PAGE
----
Now that the dismissal of climate change is no longer fashionable, the professional deniers are trying another means of stopping us from taking action. It would be cheaper, they say, to wait for the impacts of climate change and then adapt to them. They have the figures to prove it. It is tempting to prove them wrong. Given the new projections of major drought in continental interiors, of a possible global food deficit, of sea level rises with the potential to affect billions of people, it should be easy to demonstrate that the price of waiting for the catastrophe is higher than the price of reducing emissions. But it’s a temptation we should resist. Such calculations use costs which simply cannot be compared. The most famous exponent of the comparison is the Danish statistician Bjørn Lomborg. In his book The Skeptical Environmentalist, he argues that the cost of doing nothing about climate change – of letting nature take its course – is $4,820 billion. The cost of stabilizing global temperatures at 2.5° above the 1990 level would be $8,553 billion; and the cost of stabilising them at 1.5° above the 1990 level would be $37,632 billion. He warns that ‘with the best intentions of doing something about global warming we could end up burdening the global community with a cost much higher or even twice that of global warming alone’. It would be better to use our money to make investments with higher returns, leaving ‘future generations of poor people with far greater resources’.
Many environmentalists have taken him to task, claiming that his costs for taking action are too high and his costs for the impacts of climate change are too low. But they have been drawn into a fake debate. For while the costs of taking action can reasonably be measured in dollars, most of the costs of climate change cannot.
We are told, for example, that the financial costs of Hurricane Katrina, which may have been exacerbated by climate change, amount to some $75 billion, and we can use that number to help derive a price for carbon pollution. But does it capture the suffering of the people whose homes were destroyed? Does it reflect the partial destruction, in New Orleans, of one of the quirkiest and most creative communities on earth? Does it, most importantly, measure the value of the lives of those who drowned?
In other words, is it possible to place an economic price on human life? Or on an ecosystem, or on the climate? Could such costs, when rolled out around the world, really be deemed to amount to $4,820 billion, give or take the odd dollar? Such figures are not just wrong. They are meaningless.
When economists have tried to put a price on such things, they have simply exposed the limitations of their science. In 1996, for example, a study for the Intergovernmental Panel on Climate Change estimated that a life lost in the poor nations could be priced at $150,000, while a life lost in the rich nations could be assessed at $1.5 million. The researchers produced these figures by estimating how much people would be prepared to pay for the adaptive measures that would save their lives. Unsurprisingly, they discovered that the lives of rich people were worth more than the lives of poor people.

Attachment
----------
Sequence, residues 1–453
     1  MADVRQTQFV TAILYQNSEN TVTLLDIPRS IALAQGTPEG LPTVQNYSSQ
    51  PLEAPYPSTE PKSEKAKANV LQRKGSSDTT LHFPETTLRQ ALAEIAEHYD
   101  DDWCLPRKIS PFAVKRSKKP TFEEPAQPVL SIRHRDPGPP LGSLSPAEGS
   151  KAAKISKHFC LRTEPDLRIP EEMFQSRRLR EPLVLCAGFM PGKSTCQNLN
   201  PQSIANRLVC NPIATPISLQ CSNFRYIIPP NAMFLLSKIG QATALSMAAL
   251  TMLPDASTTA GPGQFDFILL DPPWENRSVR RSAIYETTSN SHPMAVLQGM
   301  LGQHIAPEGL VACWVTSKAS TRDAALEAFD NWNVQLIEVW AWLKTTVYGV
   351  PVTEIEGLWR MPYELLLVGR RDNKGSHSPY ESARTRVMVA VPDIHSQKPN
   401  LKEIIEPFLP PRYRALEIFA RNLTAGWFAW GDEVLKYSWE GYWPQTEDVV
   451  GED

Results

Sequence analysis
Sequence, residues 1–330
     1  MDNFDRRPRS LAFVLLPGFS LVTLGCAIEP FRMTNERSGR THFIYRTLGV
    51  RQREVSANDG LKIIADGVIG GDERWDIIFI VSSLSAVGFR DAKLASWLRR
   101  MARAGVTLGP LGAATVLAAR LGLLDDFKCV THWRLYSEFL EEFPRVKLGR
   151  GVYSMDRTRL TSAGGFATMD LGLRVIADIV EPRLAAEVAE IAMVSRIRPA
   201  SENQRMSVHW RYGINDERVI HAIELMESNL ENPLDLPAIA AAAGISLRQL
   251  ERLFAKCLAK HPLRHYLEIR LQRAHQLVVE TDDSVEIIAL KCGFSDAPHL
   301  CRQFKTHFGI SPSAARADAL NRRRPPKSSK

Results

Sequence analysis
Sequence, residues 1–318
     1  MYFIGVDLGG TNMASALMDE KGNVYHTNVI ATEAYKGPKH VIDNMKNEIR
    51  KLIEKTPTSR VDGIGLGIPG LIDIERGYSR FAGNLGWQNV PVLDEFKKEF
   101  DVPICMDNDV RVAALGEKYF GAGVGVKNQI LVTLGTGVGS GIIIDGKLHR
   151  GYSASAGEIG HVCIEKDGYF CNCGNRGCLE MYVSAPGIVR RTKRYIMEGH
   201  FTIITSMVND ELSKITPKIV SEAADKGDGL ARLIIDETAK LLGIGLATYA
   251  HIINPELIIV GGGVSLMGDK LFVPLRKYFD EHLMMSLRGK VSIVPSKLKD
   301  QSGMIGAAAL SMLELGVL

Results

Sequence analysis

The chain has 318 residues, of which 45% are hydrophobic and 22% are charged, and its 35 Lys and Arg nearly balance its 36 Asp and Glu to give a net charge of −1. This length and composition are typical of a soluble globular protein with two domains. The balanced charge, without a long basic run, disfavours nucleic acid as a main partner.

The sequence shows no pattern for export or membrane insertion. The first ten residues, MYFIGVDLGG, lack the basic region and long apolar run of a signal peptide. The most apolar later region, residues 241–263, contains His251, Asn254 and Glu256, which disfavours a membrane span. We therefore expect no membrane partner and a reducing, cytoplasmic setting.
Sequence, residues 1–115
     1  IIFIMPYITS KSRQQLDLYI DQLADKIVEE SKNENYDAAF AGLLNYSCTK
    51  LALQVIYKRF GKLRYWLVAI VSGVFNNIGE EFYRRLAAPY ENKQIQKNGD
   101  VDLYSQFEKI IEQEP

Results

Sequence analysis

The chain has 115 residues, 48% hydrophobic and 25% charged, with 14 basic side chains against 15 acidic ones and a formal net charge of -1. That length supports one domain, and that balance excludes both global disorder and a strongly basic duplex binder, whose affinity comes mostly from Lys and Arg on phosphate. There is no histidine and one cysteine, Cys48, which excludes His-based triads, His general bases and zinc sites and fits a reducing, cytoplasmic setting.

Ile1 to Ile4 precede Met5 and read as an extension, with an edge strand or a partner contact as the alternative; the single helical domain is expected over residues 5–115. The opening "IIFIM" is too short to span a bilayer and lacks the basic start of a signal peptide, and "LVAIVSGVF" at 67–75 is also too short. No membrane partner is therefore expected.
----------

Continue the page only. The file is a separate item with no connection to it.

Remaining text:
These days, economists are less prepared to expose themselves to ridicule. So anything that cannot be quantified is simply excluded from the balance sheet. What this means is that the loss of all the really important things – a functioning ecosystem, human communities, human life – is overlooked. Because they aren’t counted, they don’t count.
It would be wrong to blame only Bjørn Lomborg and the economists whose work he promotes for taking this line. Almost everyone feels obliged to attach a price tag to global catastrophe. The British Government, for example, has decided that the ‘social cost’ of carbon emissions is somewhere between $60 and $250 per tonne, with a middle value of $120. We might reasonably ask what the heck this means. Does the British Government really believe it can put a price on the people of Africa? On Bangladesh?
‘Either we decide that it is right to spend a lot of money seeking to prevent catastrophic climate change or we decide that it isn’t, but we must make that decision on the grounds of how much we value people and places as people and places, rather than as figures in a ledger’
The answer appears to be yes. In its White Paper on aviation, it washes its hands of responsibility for the 235-per-cent growth in flying expected in Britain between now and 2030. The massive boost to greenhouse gases this will cause should be remedied, it says, by encouraging the airline industry to ‘pay the external costs its activities impose on society at large’. But how? Should a steward be sacrificed every time someone in Ethiopia dies of hunger? As Bangladesh goes under water, will ministers demand the drowning of a commensurate number of airline executives?
The only suggestion it makes is that aviation fuel might be taxed. The implication is that a payment in pounds or euros would somehow cancel out the ‘external costs’ of rising emissions, which means death and ecological collapse.